When you create your estate plan, you will likely have several inter-related estate planning goals in mind. By far, one of the most common of those goals is avoiding probate. Fortunately, careful estate planning on your part can result in your estate avoiding probate when the time comes to administer your estate.
Why Is Avoiding Probate Desirable?
The assets you won at the time of your death make up your estate. Unless you make plans to avoid it, your estate will be required to go through the legal process known as “probate” following your death. Although the probate process is unique for every estate, common steps in the process include:
- Identifying, locating, and valuing all estate assets.
- Categorizing assets as probate or non-probate assets.
- Opening the probate of the estate by filing a petition, along with an official death certificate, in the appropriate court.
- Notifying creditors of the estate that probate is underway.
- Identifying, locating, and notifying beneficiaries and/or heirs of the estate that the estate is being probated.
- Reviewing and approving or denying creditor claims.
- Prioritizing and paying approved claims.
- Selling assets, if necessary, to pay creditors.
- Defending any challenges to the Will or litigating any claims made by creditors that were denied.
- Calculating any paying federal (and state, if applicable) gift and estate taxes
- Effectuating the legal transfer of the remaining assets to the named beneficiaries and/or legal heirs of the estate.
Probate can be very costly, both in terms of time and money. If the estate includes valuable and/or complex assets, or becomes involved in litigation, probate could drag on for years. In the meantime, the estate assets involved in the probate process remain out of reach of the intended beneficiaries. Furthermore, the longer, and more complicated, the probate of an estate is, the more fees and costs are incurred as a general rule. For these reasons, avoiding probate is a common estate planning goal.
Common Ways of Avoiding Probate
There are several steps you can take when creating your estate plan that will help your estate avoid probating when the time comes. Amon the most popular of those are:
- Setting Your Estate Up for Small Estate Administration. Like most states, Illinois offers an alternative to formal probate for small estates that qualify. If the estate qualifies, an Illinois Small Estate Affidavit may be used to facilitate the transfer of estate assets in lieu of the need for formal probate. By making lifetime gifts and using other estate planning tools and strategies you can set your estate up to qualify for small estate administration. To qualify for the use of the Small Estate Affidavit in Illinois, the following conditions must be met:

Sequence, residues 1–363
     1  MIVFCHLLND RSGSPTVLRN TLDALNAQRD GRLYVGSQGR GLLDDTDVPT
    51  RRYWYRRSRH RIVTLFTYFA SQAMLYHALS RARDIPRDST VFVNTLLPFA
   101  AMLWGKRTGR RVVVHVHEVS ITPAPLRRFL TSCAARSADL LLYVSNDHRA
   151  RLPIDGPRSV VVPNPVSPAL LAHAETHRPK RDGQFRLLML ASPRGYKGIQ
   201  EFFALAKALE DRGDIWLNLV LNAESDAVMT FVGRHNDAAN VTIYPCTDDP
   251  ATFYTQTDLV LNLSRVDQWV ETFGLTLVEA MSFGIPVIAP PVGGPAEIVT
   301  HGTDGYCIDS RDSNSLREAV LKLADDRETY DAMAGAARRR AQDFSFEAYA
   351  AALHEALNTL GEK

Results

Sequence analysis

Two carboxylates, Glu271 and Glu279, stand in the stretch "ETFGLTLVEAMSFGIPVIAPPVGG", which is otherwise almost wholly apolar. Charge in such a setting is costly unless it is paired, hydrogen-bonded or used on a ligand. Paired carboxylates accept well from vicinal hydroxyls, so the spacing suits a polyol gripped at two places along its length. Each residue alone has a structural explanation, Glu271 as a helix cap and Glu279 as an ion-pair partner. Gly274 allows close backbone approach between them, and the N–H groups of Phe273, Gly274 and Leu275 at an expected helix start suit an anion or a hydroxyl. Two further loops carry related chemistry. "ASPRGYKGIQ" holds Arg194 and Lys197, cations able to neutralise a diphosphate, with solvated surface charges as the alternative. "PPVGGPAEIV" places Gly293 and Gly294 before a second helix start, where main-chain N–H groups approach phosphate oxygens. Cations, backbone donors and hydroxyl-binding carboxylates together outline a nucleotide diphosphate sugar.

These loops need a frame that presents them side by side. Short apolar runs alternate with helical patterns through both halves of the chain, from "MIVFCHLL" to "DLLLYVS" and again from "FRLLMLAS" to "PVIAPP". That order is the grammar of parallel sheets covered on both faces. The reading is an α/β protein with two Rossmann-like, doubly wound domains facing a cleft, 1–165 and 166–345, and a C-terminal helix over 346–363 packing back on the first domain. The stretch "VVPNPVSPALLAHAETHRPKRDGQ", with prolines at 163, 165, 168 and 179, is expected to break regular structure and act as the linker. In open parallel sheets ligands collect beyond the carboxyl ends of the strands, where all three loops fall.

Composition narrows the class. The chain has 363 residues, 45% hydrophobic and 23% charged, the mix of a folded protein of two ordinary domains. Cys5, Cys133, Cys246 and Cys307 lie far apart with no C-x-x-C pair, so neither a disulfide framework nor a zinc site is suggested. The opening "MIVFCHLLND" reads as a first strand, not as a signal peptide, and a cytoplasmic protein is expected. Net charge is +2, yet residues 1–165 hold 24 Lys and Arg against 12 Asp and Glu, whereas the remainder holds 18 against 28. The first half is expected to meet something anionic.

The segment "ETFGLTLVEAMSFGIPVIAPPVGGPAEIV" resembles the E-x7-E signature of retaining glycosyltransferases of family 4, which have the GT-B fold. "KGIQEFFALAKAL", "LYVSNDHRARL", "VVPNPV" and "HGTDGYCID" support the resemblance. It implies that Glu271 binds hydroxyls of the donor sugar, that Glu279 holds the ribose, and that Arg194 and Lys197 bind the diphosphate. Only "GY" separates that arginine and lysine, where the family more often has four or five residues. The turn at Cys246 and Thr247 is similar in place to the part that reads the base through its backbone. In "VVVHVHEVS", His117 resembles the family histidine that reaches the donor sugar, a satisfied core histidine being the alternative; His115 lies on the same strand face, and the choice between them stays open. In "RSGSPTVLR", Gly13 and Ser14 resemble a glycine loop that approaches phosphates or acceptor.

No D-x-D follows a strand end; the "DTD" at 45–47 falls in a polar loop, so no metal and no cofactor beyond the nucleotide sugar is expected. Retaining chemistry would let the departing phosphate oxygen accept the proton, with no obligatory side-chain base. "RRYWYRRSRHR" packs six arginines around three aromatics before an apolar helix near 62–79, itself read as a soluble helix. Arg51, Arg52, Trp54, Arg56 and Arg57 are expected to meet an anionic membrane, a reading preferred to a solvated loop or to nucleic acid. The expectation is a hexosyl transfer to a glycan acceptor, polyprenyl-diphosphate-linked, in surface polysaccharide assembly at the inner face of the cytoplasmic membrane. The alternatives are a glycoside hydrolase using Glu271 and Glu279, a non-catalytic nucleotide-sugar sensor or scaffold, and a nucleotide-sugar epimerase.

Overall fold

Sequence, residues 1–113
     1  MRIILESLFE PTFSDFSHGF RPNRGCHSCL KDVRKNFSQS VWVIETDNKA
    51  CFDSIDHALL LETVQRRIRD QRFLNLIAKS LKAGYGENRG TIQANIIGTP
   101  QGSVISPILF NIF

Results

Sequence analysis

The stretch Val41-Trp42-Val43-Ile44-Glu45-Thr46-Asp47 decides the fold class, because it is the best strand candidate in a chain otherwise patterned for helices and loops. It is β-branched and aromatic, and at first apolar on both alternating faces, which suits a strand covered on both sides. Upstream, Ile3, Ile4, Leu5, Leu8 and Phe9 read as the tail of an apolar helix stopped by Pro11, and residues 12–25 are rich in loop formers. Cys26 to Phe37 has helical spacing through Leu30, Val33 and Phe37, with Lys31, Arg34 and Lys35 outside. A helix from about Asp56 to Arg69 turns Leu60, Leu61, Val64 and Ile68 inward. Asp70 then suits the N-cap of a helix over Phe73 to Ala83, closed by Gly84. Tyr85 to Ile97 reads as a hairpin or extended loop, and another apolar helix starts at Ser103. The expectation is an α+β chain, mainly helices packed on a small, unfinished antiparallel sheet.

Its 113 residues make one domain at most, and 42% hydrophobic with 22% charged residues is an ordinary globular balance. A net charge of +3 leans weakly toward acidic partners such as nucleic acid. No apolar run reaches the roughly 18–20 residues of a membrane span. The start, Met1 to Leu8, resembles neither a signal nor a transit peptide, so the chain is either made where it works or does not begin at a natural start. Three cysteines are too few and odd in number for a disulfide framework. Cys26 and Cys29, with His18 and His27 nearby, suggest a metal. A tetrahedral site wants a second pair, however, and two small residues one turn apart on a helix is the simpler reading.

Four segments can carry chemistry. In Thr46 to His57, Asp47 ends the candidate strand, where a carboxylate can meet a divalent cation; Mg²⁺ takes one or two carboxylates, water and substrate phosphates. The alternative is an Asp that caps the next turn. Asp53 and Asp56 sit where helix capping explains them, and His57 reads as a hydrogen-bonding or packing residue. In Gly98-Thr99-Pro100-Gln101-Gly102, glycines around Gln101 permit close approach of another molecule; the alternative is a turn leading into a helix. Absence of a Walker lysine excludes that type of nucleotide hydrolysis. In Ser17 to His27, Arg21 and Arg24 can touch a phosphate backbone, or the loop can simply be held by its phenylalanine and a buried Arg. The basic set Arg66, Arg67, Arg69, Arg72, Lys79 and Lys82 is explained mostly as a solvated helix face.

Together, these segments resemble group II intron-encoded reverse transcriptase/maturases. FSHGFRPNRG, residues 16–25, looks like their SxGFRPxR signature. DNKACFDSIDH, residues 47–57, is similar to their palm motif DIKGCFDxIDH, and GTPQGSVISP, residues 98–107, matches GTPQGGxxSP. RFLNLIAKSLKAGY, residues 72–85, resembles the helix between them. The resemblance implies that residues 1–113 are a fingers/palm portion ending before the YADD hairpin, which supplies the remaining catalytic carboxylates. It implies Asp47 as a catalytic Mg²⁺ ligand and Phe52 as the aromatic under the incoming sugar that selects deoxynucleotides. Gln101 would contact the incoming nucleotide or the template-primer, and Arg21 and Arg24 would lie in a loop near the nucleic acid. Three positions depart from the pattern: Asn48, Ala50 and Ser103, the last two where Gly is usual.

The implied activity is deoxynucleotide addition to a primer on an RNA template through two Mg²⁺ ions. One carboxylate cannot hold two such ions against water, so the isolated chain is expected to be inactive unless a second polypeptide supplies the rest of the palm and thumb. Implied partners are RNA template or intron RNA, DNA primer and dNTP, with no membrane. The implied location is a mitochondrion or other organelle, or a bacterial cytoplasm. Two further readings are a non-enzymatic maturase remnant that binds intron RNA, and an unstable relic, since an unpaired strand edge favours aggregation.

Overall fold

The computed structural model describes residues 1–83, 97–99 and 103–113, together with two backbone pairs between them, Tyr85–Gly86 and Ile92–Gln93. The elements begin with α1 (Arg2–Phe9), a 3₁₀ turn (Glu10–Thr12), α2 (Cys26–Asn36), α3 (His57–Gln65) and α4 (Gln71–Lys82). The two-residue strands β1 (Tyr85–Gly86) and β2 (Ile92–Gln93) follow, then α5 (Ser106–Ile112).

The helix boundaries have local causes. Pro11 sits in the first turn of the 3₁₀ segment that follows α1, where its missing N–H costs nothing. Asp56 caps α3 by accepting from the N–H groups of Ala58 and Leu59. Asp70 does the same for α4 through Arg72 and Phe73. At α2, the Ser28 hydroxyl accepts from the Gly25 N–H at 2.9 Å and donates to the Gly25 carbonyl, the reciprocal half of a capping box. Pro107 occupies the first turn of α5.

- The value of the “probate assets” must be less than $100,000.00;
- The “probate assets” must not include real estate;
- No letters of office have been issued, nor is a petition for such letters contemplated; and
- There is no dispute with respect to heirship or a will.
- Using a Trust As Your Primary Method of Distributing Assets. Not all assets are required to go through probate. Assets held by a trust, for example, bypass the probate process altogether and can be distributed to beneficiaries as soon after your death as you wish. Using a trust to distribute assets offers other benefits as well, such as the ability to stagger an inheritance instead of leaving a lump sum to a young beneficiary.
- Titling assets and accounts in a way that they avoid probate. The manner in which assets are titled can also be used to avoid probate. Real property, for example, can be held jointly with rights of survivorship, allowing your interest in the property to pass directly to the co-owner upon your death without first going through probate. Certain accounts can also be designated as “Payable on Death (POD)” or “Transfer on Death (TOD)” accounts which allow you to designate a beneficiary who will automatically become the owner of the assets held in the account upon your death. Unlike jointly held assets, however, a beneficiary of a POD or TOD account has no ownership interest in the asset while you are alive.
Contact Illinois Estate Planning Attorneys
For additional information, please join us for an upcoming FREE seminar. If you have additional questions or concerns about avoiding probate, contact an experienced Illinois estate planning attorney at Hedeker Law, Ltd. by calling (847) 913-5415 to schedule an appointment.
Latest posts by Dean R. Hedeker (see all)
- Is Your Life Insurance an Untapped Asset? - August 20, 2019
- Estate Planning Concerns for Parents with Young Children - August 15, 2019
- Don’t Forget to Name a Successor Trustee - August 8, 2019